About the book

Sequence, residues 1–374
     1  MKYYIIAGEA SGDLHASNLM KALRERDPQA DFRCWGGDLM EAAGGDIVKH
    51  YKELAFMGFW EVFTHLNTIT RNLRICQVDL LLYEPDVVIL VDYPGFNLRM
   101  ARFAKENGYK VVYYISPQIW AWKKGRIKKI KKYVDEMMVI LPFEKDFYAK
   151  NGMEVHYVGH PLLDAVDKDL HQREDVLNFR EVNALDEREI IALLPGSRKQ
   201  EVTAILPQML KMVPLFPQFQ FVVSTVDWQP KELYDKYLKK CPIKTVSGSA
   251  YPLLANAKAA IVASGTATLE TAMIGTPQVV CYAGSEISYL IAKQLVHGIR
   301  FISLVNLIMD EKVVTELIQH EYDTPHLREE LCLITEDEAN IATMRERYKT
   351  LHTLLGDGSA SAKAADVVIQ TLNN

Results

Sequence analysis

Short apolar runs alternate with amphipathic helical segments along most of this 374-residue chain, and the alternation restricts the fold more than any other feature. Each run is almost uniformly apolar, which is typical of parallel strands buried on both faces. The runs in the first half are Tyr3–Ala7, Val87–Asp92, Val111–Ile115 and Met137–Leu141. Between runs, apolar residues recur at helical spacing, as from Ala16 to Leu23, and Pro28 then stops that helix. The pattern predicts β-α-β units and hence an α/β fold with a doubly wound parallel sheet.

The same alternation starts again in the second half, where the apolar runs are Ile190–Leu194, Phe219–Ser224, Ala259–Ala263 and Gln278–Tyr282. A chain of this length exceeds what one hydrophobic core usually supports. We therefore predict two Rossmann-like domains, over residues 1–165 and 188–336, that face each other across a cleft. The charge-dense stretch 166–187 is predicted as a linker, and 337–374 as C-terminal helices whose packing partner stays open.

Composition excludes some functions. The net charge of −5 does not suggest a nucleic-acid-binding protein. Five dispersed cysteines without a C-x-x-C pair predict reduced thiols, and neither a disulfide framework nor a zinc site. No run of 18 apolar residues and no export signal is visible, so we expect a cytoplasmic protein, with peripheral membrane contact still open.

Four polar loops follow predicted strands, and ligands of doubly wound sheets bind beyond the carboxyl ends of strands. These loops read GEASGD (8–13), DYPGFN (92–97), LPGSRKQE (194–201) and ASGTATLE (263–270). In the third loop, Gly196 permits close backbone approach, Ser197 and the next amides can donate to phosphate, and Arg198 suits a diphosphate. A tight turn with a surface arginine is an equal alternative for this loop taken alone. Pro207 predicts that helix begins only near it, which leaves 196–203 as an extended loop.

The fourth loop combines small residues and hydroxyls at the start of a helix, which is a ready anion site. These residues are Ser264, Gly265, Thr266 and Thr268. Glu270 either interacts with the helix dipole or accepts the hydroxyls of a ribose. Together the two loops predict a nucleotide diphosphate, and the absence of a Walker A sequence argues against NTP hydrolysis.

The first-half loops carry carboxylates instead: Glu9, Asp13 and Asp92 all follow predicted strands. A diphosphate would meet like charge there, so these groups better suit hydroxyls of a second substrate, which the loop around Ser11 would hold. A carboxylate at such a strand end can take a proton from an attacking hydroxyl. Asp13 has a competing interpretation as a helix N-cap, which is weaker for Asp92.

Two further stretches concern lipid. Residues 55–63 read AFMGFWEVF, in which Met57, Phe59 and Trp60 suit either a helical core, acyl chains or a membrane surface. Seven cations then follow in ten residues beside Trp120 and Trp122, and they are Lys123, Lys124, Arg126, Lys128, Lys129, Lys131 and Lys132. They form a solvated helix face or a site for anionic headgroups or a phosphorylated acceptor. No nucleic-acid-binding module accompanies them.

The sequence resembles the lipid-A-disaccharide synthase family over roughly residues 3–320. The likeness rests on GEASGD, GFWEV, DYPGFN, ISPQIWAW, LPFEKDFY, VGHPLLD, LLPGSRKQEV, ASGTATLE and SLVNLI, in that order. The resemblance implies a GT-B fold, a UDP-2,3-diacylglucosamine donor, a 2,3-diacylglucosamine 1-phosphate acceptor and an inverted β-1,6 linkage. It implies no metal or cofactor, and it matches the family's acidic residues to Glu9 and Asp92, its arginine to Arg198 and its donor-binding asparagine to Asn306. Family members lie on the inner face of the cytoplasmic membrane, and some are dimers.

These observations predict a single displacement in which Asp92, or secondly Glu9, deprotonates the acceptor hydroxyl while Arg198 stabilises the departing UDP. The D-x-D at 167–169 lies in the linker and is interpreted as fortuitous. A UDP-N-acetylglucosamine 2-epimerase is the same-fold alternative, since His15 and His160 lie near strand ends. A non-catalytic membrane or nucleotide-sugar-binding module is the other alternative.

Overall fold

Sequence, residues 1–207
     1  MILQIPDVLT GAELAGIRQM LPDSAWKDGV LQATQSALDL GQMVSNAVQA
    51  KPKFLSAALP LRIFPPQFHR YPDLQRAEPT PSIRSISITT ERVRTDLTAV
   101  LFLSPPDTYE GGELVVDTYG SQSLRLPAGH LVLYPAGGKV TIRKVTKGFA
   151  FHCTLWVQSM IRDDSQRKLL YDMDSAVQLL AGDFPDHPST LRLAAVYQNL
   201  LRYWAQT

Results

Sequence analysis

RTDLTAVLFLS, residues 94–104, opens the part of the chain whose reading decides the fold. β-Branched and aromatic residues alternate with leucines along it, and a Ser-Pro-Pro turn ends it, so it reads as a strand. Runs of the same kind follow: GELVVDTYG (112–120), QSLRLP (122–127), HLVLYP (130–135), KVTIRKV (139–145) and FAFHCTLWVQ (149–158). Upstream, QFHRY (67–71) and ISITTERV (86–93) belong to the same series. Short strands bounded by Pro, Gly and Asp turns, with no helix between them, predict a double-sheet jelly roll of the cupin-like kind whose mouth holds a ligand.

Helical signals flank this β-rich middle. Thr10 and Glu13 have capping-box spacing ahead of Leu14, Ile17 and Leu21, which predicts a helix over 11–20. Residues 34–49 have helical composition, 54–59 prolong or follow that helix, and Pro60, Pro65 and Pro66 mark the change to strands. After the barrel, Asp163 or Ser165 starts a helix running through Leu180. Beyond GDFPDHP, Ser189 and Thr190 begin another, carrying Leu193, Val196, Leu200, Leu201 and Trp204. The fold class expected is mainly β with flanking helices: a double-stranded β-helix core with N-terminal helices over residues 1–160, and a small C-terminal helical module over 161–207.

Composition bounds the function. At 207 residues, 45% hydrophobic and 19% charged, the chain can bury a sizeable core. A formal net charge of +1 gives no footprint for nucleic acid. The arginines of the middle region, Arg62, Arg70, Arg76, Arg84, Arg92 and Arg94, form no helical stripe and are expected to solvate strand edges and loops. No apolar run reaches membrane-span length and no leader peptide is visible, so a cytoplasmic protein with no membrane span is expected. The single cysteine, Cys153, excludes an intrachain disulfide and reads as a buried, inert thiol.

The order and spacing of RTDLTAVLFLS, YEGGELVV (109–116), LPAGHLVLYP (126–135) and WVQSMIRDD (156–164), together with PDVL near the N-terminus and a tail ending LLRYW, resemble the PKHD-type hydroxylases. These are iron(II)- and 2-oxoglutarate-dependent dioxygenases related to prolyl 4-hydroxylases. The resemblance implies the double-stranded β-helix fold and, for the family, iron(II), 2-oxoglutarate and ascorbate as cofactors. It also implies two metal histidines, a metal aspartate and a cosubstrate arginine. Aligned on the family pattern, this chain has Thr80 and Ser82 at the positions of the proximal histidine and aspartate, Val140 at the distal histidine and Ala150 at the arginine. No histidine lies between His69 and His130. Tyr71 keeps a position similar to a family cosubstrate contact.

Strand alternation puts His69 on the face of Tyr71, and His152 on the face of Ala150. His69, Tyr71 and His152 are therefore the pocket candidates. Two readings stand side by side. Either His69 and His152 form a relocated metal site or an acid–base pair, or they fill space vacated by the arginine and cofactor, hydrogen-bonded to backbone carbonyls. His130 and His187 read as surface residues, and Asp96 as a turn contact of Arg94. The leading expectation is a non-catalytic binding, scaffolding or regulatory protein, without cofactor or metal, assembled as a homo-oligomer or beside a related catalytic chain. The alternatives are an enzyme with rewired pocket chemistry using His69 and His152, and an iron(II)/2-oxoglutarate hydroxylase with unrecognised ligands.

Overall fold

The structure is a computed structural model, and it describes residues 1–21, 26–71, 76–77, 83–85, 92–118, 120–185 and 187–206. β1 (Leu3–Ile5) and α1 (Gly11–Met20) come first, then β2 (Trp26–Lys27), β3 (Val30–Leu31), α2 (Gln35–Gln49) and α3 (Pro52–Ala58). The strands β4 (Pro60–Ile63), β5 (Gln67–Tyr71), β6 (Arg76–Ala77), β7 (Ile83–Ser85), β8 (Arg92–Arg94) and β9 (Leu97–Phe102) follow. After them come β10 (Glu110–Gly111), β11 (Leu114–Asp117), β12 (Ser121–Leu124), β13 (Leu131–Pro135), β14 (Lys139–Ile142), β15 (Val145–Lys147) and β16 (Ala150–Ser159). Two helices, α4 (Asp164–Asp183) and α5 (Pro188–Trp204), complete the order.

Goya was born in 1746. By the time he was 47 he was the highest paid and most famous artist in Spain, had gone profoundly deaf and six of his seven children had died. He worked for three Spanish monarchs, the duke of Wellington, the Spanish aristocracy and intelligentsia, and for Napoleon's brother. One Spanish prince called him 'the painting monkey', contemporary critics called him 'the philosopher painter'. His friends called him Paco, and 'Our Dear Goya'. A local newspaper referred to one of his portraits as bringing honour to the whole Spanish nation. He learned to lip-read and speak in sign language; he painted with his fingers, a palette knife and with the pointed end of his paintbrush; he invented engraving techniques which are still in use by modern artists; his 'Nude Maja', 'The Third of May' and 'Saturn devouring his son' are ranked among the most powerful and mysterious paintings in the history of European art. From an early age Goya was anxious to preserve a record of his life, but few of his writings have survived and his most personal records appear in his letters. He corresponded regularly with the aristocracy and the monarchy, as well as with friends. Goya's surviving letters reveal a highly emotional man, prepared to state his feelings as passionately to the authorities of a Cathedral as to a close friend. His letters make few concessions and are literary works in their own right. Uniquely individual, they signal a new attitude on the part of a fine artist towards his profession, his social position and his sources of inspiration. These writings look forward to the great artistic testaments of the nineteenth and twentieth centuries: Delacroix's Diary, the letters of Van Gogh and Dali's Diary of a Genius. From this new collection of letters, many translated into English for the first time, Goya emerges as witty, passionate and unexpectedly vulnerable.